Magic Of Annual Vines
the cost of a packet of seeds, you can quickly create a show stopping
garden accent or a living hideaway for children, hide a rusty chain
link fence or an unsightly garage wall, and turn an ordinary balcony
into a private garden. Started from seeds, annual vines will scramble
to heights of 20 feet or more, highlighting features you want to show
off and covering eyesores.
are just a few of the many uses for annual vines:
a little magic to your garden by planting a trellis or pole with brightly
colored morning glories and moonflowers. You'll have a burst of brightly
colored flowers during the day, and luminescent white blossoms at
Add shade and privacy to your balcony with annual vines. Because their
root systems are limited, they can be grown in large planters on a
trellis, or allowed to trail from window boxes and big hanging baskets.
The vertical growing habit will make a small area seem larger.
Annual vines are ideal for introducing your children to the magic
of gardening. Build a teepee of bamboo or fallen tree branches, and
plant with scarlet runner beans or tall nasturtiums. Your children
will enjoy their colorful (and edible) hideaway while learning about
the wonders of nature.
Plant climbing vines along chain link fences and light poles to soften
the look of your landscape.
Annual vines will quickly blanket a problem slope or other area that
is difficult to mow with colorful flowers. If your slope is difficult
to plant, use a vine that will reseed itself such as morning glories
or cardinal climbers.
Plant vines along a southern wall to keep the house cooler in summer.
Annual vines are easy to grow. They like a sunny location with good
quality, well drained soil. Plant your seeds according to the package
directions, and keep them evenly moist until they germinate. After
germination, you'll only need to water when the weather has been extremely
hot or dry. Use fertilizers sparingly. An abundance of nitrogen will
encourage your vines to produce an abundance of dark green foliage
and few flowers.
your trellises or other support in place when you plant your seeds.
If you can't plant right next to the support, insert twigs into the
soil next to the seeds to lead the vines to their intended support.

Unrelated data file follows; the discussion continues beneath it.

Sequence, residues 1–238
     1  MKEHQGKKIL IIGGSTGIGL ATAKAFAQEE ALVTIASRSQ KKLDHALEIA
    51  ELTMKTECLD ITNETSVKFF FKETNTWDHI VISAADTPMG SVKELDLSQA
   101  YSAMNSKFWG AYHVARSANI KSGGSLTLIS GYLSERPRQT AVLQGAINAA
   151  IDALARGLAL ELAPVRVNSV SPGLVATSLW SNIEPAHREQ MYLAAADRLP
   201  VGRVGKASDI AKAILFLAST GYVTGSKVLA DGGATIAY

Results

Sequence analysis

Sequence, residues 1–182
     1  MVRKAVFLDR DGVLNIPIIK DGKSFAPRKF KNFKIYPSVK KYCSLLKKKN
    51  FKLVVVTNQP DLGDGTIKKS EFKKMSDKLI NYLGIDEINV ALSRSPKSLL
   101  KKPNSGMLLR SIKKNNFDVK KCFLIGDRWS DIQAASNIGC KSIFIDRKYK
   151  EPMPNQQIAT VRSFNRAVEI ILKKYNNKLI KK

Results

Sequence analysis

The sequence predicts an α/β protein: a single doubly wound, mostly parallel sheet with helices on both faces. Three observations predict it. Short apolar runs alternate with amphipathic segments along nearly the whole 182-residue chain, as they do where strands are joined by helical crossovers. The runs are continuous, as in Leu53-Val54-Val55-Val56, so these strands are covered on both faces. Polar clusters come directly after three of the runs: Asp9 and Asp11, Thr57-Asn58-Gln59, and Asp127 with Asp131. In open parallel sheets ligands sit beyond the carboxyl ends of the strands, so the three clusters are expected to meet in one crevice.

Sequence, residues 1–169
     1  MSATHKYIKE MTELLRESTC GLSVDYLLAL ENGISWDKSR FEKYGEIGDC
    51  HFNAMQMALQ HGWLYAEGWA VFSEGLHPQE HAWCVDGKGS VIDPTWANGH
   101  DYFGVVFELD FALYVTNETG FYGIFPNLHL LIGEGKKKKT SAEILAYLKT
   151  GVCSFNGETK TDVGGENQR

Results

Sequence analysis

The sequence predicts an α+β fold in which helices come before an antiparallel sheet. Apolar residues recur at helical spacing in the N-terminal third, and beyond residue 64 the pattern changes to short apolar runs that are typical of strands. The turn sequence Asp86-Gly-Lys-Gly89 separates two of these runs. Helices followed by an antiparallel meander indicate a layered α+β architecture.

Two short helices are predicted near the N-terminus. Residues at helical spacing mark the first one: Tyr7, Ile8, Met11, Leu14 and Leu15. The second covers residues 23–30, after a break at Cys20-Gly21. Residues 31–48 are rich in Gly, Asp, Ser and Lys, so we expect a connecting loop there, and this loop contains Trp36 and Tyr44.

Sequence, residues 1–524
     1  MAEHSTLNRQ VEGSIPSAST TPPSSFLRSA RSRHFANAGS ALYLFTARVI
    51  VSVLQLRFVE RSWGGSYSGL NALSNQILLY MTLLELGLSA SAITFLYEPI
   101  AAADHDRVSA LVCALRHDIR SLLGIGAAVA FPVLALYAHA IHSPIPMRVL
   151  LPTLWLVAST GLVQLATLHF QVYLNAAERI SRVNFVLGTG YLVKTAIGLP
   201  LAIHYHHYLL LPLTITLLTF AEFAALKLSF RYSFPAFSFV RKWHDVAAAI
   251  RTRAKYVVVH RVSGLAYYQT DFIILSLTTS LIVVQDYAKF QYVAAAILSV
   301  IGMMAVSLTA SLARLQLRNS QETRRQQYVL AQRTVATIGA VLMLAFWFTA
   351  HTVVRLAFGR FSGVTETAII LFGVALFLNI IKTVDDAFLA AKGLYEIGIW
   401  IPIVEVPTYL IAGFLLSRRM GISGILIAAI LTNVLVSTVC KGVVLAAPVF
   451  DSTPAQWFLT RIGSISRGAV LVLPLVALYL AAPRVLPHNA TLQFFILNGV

If the vine can't find its support right away, it will waste time
searching and reaching for something to grab on to.
Eyed Susan Vine
Unlike many climbing vines, this one isn't invasive so it can be incorporated
into existing gardens without fear of crowding out existing plants.
It's a great choice for hanging baskets and window boxes.
Height: 5' to 10' trailing vine
The deep red flowers with white or yellow throats are sure to draw
attention to your trellises, fences and poles.
Height: 6' to 20' vine
This vine can add a tropical texture to your landscape with its interesting
foliage and mix of bright red, pink and white flowers. With the right
conditions, it grows to 20 feet.
Height: 8' to 10' vine
This striking vine will have your visitors asking if it's real! The
flowers are followed by velvety purple bean pods.
Height: 6' - 20' vine
'Firecracker Vine' or 'Exotic Love,' this unusual, exciting, interesting
annual vine has up to 12 beautiful 2" tubular flowers on each
spike. Performs well on trellises and in hanging baskets.
Height: 6' to 10' vine
Plant this fast-growing vine on a porch, near an entrance, or under
a window where you can enjoy the evening performance and heady fragrance.
The flowers bloom only at night, and unfold in 2-3 minutes, and event
worth waiting for!
Height: 10' to 20' vine
In the summer, flowers open in the morning, and in the fall they stay
open all day. Morning glories are grown as a groundcover in difficult
Height: 8' - 10' vine
Sweet peas are shorter than most of the other annual vines mentioned
here, but their outstanding fragrance make them worthwhile when height
isn't important. They make a wonderful cut flower.
Height: 3' to 5' vine
Jackie Carroll is the editor of GardenGuides.com, a leading internet
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